But then, I headed down a walking path by the Blue Mesa, a stunning mudstone formation striated in blue and purple and grey. Little bits of petrified wood sat along the edges of the trail, only a foot away. Signs instructed me to stay on the path. It was the middle of the day on a Friday in February and there were only a few other people around. I soon found myself alone. And once alone I wanted — urgently — to reach out and pick up a small segment of the wood. Using restraint, I left it be.
At the Petrified Forest, the legend goes that if you take a rock you will be cursed with bad luck. The book Bad Luck, Hot Rocks, edited by Ryan Thompson and Phil Orr, is filled with images of petrified wood people collected and the letters that accompanied the stones when people returned them to the park. A note dated 1982 reads, “This stone, with misfortune abounds!! To you … I am absolved.” Another says, “Please put this back so my husband can get well. I tried to keep him from taking it.” The park has named these missives Conscience Letters.
Can we make amends for the things we have taken? Can we put them back where they belong once we realize we have been cursed?
I recognized a similar reflex to the one I had on the path when I was in the park’s gift shop later looking at mugs, t-shirts, and little rock-like sculptures. I felt an urge to purchase something even though I knew it would mean nothing to me in a few weeks. Still I wanted a trifle to carry away. I was a tourist, a consumer. How could I leave this place without a piece of it coming with me? In the moment, acquiring something was full of possibility and pleasure. However, once a thing is possessed it is no longer about the possible; reality is always a little bit disappointing.
I LIKE TO IMAGINE WHAT THE ROCKS on Washington Island used to be. The Niagara Escarpment began to form about 440 million years ago, during the Ordovician Period. This was also about the time of the first mass extinction on the planet, when 86 percent of species died out. The dead animals mixed with sand and mud to become sedimentary rock. That rock turned into the Escarpment, which then became the stones on Schoolhouse Beach.
These stones were once giant, lake-dwelling predators with clawed mouthparts, known as pterygotus. They were crinoids, like the marine animal known as the sea lily, with feather-like arms attached to a stalk. Some crinoid species are still living, but most are gone. They were halysites, tiny coral polyps linked together to form chains that created large structures on the seabed. The rocks were trilobites, animals a couple inches long that ruled the world 450 million years ago, in part due to their advanced, compound eyes, which each had up to 15,000 lenses. These little guys were so tough they survived the first mass extinction, but not the second. The stones are inconspicuous time capsules composed of the things that have come and gone before us. Which will eventually be our fate.
What are the stones now? They are bookends on someone’s shelf. They ring the garden. They are paperweights. Googly eyes have been glued on them, and they have been named Mildred. They are hiding in the shoebox in the closet.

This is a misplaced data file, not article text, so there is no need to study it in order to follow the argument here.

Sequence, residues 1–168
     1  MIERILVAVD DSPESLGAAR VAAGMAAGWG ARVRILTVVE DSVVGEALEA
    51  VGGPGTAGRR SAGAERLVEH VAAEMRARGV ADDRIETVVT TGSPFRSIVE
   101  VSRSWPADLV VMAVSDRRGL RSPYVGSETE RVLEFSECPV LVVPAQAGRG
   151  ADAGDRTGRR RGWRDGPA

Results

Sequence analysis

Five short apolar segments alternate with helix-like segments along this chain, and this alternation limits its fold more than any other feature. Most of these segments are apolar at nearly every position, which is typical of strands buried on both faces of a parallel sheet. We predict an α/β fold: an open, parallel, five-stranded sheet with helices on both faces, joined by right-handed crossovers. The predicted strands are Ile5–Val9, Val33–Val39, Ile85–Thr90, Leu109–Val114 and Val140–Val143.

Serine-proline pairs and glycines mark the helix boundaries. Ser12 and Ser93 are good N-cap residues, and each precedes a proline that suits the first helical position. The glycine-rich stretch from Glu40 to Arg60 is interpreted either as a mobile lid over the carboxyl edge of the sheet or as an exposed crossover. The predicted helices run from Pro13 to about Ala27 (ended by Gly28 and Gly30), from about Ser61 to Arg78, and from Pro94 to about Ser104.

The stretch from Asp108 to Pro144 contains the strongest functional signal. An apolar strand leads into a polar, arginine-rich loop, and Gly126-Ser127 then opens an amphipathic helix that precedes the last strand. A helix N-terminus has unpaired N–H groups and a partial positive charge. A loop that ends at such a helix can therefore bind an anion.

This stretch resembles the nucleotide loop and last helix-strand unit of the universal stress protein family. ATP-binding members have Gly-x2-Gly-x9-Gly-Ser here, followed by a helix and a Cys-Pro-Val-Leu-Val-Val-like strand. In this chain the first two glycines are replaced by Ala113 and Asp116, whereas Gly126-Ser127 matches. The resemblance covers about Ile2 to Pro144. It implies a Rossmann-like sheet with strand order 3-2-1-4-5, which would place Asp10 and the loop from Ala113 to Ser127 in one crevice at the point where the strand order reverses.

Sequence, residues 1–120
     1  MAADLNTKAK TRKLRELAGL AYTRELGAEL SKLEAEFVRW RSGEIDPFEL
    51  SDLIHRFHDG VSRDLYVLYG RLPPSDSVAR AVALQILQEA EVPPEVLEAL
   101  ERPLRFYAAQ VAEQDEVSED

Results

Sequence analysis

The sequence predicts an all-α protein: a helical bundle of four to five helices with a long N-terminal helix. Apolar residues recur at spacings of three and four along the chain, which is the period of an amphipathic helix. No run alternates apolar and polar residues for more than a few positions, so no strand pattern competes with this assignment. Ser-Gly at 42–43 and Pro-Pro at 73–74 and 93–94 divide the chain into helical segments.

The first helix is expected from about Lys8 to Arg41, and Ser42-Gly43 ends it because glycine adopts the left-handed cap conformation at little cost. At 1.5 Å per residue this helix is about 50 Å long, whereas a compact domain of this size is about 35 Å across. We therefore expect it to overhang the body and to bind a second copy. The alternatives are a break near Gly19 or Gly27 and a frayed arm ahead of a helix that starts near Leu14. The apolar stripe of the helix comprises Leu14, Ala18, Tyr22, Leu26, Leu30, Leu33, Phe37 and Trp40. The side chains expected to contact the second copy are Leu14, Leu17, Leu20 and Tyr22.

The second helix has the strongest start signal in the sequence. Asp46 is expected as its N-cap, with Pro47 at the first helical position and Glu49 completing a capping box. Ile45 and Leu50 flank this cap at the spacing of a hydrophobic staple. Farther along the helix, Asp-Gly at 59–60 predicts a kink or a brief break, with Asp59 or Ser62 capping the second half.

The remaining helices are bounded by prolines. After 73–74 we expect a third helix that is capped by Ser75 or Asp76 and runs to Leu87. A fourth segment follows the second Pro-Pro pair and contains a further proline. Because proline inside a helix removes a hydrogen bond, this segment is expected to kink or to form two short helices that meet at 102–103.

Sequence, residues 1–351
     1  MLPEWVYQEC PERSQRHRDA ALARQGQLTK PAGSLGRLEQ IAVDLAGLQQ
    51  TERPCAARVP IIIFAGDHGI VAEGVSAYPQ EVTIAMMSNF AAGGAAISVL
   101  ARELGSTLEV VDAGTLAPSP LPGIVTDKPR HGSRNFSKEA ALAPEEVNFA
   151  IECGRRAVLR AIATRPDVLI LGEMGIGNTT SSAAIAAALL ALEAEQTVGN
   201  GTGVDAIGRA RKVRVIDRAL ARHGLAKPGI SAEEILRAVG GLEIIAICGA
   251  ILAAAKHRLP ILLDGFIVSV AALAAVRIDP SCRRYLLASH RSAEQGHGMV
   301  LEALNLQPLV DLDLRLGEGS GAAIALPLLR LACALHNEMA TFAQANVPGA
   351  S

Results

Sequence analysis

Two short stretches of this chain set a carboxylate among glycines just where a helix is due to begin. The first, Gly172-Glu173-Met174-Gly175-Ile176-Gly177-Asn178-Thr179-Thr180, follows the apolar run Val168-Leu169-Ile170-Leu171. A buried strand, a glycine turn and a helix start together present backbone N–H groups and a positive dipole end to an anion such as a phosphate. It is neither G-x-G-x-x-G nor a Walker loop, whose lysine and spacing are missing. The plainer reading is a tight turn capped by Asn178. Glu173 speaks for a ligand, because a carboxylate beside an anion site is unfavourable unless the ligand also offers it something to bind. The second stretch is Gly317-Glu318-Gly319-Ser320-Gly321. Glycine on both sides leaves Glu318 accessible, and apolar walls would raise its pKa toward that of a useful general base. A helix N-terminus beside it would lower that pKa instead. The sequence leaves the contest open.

Can you own a piece of Earth? Legally, yes. But Schoolhouse Beach and the Petrified Forest might disagree. They are owned by the eons.
“BY ONES AND TOWS, BY POCKETFUL, purse full, by box full, truck full, or truckload” the stones have disappeared, says the sign at Schoolhouse Beach, erected in the early 2000s when islanders were first concerned about theft.
At the Parks Committee meeting, the idea that gets the most traction is an educational campaign using the slogan “Help Save Our Beach.” (There is also a suggestion to host a “rock concert” to raise funds to add more security, which we all think is pretty clever.) The thought behind the campaign is that rather than scold or threaten people, islanders will try to get visitors to feel that they are a part of something, that they are doing good by not taking a stone.
But the committee runs into resistance from the town when they attempt to add yet another sign. They do put up a few donation boxes asking people to donate $1 “to contribute to the maintenance of this beautiful beach we all love to visit.” After a few months the donations are counted and they are dismal. The committee is disappointed and disheartened. Feeling unable to make any progress, several members quit. Eventually, new signage created by students at the Washington Island School, is added. The effect is still unclear.
A YEAR LATER, I VISITED SCHOOLHOUSE BEACH on a blustery Tuesday. It was the off-season and no one else was there. The beach didn’t notice. Looking north, the grey clouds were thick, obscuring the view. It was easy to imagine that just beyond the shore, the earth dropped away to nothing. The rocks clacked in the surf, doing what they have always done without any concern for my thoughts on their existence. It was the sound of an ancient clock marking time.